Stored XSS affecting all fantasy sports [*]


This will be my first write up with regards to my security research. The following post will walk through a stored Cross Site Scripting (XSS) bug that I found that was affecting all of Yahoo!'s different Fantasy Sport Leagues.


Yahoo! hosts their own Fantasy Sports platform for a variety of sports, a list of which can be found here. Each sport is hosted on it's own sub domain which includes a variety of features, some common to all sport sub domains, like message boards, and others being sport specific. The message board functionality acts like a typical online forum allowing users who have joined the league to create posts, share images, etc. It was in this Message Board functionality that I found a stored XSS vulnerability that could be exploited against any user that viewed the malicious message.


After joining any league/group for any Yahoo! Fantasy Sports League, proceed to the Message Board of the league which will look like this:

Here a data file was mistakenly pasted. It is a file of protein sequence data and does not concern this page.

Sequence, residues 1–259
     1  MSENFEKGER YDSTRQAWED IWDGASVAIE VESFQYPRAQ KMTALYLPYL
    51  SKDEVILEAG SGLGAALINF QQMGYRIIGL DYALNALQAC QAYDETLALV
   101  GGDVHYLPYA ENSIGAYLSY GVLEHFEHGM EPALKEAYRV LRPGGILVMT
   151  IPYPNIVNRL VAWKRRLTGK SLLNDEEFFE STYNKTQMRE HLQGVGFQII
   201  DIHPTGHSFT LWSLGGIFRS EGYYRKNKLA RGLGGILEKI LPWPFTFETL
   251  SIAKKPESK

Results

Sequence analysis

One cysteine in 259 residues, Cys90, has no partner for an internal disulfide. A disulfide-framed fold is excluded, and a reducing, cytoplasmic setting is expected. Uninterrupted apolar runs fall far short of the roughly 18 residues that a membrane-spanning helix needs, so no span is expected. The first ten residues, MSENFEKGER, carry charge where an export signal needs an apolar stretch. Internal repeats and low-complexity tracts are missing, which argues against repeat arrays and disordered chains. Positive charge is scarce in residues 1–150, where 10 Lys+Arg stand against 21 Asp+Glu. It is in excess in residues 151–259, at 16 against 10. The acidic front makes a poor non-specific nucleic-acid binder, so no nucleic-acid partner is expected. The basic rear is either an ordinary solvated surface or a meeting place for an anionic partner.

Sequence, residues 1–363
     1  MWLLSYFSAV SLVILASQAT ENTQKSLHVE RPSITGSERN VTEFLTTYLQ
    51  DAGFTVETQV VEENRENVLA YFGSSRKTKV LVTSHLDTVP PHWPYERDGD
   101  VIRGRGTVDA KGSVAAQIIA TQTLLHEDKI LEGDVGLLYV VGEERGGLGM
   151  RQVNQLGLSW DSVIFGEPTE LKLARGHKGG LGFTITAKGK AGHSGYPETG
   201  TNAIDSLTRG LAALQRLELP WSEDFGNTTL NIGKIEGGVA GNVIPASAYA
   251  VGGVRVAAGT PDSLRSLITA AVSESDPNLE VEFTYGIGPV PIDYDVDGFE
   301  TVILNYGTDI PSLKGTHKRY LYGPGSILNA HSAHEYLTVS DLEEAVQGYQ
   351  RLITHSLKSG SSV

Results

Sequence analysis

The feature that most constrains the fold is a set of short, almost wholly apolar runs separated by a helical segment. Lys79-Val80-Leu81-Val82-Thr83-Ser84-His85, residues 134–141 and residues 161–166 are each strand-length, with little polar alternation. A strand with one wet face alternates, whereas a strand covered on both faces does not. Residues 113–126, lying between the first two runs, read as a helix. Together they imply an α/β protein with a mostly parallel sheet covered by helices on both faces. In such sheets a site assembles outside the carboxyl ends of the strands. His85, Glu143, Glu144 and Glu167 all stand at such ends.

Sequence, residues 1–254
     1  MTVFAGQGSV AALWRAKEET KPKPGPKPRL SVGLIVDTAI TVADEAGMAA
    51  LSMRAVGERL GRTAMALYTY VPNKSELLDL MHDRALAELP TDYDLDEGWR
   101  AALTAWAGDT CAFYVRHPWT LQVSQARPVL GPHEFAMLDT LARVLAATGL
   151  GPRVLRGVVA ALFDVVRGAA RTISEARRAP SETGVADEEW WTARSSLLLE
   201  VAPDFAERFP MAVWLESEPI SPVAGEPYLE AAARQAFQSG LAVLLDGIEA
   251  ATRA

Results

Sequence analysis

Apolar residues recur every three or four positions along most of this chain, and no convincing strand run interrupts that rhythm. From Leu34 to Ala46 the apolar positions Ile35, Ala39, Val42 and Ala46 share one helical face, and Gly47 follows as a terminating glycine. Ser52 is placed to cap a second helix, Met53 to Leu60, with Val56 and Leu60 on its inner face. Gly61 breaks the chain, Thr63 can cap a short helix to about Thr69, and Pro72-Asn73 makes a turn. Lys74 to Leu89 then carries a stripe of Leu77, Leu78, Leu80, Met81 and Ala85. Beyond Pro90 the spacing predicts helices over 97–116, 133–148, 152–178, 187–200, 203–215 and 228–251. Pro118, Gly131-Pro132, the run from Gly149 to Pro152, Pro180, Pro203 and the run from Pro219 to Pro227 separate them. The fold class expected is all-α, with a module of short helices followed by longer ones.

After clicking on the 'Post New Topic' button you will be given this screen:

Then Switch to the Rich Text Editor:

Once here, I added a random plain text title (since adding any HTML would cause a validation error) with the following payload in the body:
<img src="x:? title=" onerror=alert(document.domain)//"> This would then render as: <img src="x:? title=" title="" onerror="alert(document.domain)//">, notice how the src and title attributes have been parsed? By not including a closing double quote after x:, the double quote from my title attribute closed the src tag and Yahoo! added an empty title (title=""). The XSS would fire any time anyone viewed the post, including myself after submitting it, across all browsers.


This vulnerability could have been exploited to execute malicious Javascript against any user who viewed the message, including league administrators. Additionally, since Yahoo! uses shared cookies for their services, which are also accessible to Javascript, a malicious user could have stolen cookies and logged into the account of any victim across any Yahoo! service.

Report Timeline:
  • 11/23/2016 - Vulnerability Found and Reported via Yahoo's BBP on HackerOne
  • 11/25/2016 - Vulnerability accepted and triaged by Yahoo team
  • 12/03/2016 - Vulnerability Patched by Yahoo Security
  • 12/05/2016 - Report marked 'Resolved' on HackerOne
  • 12/07/2016 - Yahoo awarded $800 bounty.


Thanks to @yaworsk for help with editing of this post.